(Along with the diagnosis of Lupus, comes many unpleasantries. Lupus is a disease of inflammation. Sometimes this affects my joints. Other times, my gut.)
I awoke to the all too familiar pangs of what I commonly refer to as “Lupus gut.” Not having given birth, I call on my past experience as a delivery nurse when I liken it to labor. Waves of intense cramping, followed by bouts of nausea, force me into fetal position as I wait out this latest episode.
As I lie there, curled up into as tight a ball as I can make, a faint “ding” comes through my new smart phone, the one I said I would never buy because I didn’t want to be tied to a phone. I bought it anyway in an effort to make my life as a social media manager a bit easier. The irony of how it now blesses is not lost on me this morning.
“Good morning. How are you?” is the message I read. It comes from a far-away friend. One I have not yet hugged in person, but has become a sister of the heart. A true friend in whom I can confide anything. I am safe knowing I can respond with, “My belly really hurts. Please pray.” I have no doubt she will do exactly that. Fervently.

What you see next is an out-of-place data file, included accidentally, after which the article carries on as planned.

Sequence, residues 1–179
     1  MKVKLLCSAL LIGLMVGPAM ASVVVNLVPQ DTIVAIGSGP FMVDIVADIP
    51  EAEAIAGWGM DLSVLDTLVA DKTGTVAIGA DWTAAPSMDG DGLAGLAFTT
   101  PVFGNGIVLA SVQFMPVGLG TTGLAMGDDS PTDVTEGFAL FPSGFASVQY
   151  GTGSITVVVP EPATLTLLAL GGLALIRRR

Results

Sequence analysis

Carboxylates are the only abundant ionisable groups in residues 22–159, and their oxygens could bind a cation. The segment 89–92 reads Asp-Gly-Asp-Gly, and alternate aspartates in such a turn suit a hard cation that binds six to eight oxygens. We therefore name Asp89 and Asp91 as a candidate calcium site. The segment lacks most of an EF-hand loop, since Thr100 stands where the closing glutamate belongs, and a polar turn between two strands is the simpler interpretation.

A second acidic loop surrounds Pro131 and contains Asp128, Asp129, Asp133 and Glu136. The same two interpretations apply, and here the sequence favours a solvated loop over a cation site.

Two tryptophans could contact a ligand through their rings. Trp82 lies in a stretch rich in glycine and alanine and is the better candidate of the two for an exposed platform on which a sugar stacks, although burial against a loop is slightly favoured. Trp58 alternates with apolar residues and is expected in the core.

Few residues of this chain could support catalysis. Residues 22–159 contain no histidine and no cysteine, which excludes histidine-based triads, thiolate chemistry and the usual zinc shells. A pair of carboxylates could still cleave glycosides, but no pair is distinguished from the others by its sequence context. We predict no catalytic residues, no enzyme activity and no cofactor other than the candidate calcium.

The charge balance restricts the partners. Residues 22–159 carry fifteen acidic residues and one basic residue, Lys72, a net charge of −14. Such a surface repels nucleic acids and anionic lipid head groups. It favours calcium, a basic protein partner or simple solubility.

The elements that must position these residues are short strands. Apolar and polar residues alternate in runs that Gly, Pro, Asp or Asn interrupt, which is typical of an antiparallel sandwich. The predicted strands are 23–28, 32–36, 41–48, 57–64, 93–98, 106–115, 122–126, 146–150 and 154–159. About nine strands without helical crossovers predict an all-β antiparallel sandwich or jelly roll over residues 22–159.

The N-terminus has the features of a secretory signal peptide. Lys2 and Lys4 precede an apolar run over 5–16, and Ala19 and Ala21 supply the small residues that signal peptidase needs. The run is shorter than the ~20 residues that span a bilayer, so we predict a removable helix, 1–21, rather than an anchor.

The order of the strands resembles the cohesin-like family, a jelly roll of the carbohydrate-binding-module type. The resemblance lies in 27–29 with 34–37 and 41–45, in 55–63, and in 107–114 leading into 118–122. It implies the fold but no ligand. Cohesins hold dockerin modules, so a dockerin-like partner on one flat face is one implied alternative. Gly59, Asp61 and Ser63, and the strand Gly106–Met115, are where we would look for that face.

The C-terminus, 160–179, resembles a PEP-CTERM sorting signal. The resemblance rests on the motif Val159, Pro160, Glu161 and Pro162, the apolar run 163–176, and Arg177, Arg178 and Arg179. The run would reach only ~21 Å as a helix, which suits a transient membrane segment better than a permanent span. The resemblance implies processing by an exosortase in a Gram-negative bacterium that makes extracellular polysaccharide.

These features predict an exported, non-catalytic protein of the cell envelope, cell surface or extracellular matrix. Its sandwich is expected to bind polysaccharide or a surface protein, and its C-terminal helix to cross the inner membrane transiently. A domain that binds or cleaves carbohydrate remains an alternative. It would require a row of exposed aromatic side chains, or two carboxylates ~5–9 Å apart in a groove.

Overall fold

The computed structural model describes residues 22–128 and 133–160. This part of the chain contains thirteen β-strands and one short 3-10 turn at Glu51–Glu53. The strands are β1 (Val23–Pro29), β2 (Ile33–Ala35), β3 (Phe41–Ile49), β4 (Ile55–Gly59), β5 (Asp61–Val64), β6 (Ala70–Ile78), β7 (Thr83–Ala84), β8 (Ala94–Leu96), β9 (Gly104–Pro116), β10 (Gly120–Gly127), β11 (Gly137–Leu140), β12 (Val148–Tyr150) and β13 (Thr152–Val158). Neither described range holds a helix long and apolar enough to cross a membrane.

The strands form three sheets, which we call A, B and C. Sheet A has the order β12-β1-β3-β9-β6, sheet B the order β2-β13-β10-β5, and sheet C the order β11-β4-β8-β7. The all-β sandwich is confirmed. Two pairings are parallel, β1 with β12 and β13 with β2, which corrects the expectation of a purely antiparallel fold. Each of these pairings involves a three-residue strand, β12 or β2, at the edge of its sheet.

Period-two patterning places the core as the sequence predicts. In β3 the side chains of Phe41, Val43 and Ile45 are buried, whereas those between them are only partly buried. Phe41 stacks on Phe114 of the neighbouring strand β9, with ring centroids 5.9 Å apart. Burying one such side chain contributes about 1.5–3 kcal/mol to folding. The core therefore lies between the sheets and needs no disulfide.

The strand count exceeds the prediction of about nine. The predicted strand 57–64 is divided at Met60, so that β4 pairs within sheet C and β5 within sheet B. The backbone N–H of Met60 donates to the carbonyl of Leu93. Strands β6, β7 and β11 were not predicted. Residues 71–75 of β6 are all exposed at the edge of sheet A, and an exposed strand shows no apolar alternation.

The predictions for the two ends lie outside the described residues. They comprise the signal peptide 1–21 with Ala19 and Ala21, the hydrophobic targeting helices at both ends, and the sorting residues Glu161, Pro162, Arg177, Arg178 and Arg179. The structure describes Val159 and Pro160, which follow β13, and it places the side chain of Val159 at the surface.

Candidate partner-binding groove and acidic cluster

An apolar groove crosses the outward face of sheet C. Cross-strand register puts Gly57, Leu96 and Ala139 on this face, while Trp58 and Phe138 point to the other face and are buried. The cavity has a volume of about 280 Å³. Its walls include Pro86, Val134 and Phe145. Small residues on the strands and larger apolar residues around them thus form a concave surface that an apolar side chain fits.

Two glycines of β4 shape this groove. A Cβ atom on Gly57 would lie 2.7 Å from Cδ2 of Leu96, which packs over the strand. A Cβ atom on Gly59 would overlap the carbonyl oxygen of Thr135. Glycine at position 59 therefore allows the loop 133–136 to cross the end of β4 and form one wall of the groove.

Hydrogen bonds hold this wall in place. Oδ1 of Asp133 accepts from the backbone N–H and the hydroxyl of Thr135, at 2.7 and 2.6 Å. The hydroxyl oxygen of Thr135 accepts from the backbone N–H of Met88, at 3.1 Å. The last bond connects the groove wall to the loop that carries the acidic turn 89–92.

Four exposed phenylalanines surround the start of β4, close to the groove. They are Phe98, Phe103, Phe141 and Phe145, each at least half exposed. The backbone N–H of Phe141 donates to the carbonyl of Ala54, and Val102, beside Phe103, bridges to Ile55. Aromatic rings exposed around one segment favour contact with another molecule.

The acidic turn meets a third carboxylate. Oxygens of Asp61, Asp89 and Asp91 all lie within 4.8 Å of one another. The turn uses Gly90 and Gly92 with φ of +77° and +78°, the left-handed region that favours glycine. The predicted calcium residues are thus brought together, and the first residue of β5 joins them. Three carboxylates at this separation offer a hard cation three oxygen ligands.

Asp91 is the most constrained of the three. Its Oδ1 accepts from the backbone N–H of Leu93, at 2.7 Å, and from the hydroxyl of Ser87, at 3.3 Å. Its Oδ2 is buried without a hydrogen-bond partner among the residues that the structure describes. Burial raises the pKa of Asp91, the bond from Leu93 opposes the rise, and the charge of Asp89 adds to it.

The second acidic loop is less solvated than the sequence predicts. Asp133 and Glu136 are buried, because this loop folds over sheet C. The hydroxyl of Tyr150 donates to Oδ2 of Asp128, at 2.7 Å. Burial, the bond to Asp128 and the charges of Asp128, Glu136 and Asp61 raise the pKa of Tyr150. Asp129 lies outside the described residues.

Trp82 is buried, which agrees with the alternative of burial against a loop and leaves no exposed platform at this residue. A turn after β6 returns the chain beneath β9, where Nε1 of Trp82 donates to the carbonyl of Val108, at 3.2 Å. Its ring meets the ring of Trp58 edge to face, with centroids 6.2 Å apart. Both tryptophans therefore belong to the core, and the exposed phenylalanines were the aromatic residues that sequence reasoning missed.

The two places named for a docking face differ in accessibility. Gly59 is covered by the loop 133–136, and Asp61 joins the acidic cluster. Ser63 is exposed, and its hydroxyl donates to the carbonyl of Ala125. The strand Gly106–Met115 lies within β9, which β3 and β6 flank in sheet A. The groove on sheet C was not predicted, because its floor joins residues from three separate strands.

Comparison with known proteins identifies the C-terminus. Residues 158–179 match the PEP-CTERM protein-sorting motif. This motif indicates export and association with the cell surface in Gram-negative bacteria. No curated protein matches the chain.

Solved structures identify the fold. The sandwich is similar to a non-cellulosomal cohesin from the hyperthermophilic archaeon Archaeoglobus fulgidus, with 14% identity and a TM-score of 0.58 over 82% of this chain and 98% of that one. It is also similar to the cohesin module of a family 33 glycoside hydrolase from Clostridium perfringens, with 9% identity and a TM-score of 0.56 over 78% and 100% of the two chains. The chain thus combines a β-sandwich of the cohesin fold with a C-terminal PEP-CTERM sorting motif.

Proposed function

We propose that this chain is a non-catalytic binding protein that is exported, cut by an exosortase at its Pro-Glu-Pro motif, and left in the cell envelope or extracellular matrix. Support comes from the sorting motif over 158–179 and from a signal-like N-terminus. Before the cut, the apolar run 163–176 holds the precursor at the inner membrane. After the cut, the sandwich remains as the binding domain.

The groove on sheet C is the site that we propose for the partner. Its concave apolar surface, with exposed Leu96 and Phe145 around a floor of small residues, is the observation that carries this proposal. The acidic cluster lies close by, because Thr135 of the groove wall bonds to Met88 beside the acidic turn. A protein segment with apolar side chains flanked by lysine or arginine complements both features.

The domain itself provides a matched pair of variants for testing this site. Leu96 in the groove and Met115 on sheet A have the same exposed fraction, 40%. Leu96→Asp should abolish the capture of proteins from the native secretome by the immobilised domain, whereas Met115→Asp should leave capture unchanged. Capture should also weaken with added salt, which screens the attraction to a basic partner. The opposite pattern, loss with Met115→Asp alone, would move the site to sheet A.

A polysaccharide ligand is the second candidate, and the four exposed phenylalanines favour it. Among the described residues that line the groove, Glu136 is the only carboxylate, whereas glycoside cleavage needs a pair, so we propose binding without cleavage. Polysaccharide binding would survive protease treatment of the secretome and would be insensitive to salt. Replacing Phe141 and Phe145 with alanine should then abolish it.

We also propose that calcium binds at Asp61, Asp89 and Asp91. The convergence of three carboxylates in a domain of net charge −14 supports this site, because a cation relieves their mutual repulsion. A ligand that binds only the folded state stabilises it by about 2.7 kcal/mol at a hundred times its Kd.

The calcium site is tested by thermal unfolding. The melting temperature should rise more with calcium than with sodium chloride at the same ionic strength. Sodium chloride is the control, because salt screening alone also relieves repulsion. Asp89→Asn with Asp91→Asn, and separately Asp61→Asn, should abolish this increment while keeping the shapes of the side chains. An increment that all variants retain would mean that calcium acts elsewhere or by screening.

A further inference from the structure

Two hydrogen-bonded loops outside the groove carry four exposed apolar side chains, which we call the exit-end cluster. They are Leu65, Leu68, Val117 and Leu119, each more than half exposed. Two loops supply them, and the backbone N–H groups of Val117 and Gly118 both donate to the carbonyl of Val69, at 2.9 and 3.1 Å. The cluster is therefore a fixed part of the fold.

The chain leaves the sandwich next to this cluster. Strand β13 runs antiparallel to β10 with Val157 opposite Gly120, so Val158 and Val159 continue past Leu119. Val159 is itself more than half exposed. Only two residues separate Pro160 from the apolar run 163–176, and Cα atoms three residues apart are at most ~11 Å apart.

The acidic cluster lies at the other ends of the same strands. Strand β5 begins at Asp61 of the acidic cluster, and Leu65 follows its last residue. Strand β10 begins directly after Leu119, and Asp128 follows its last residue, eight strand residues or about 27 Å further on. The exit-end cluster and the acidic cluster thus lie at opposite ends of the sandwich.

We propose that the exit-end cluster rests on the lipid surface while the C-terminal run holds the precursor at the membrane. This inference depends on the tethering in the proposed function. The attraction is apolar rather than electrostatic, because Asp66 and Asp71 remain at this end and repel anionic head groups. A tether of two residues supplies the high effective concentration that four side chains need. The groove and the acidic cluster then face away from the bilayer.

Time is passing slowly, and I realize I am moaning when my son comes darting into the room. “Momma, are you okay?” I share with him also, about how my belly hurts. This sweet child of mine lays his hands on my back, and begins to pray out loud, “God, I know we don’t deserve healing or forgiveness . . . but please make my mommy feel better.”
In that moment I find comfort amid the obvious discomfort.
Jesus has drawn two people unto Himself today.
Make that three.
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Is anyone among you suffering? Let him pray. Is anyone cheerful? Let him sing praise. (James 5:13)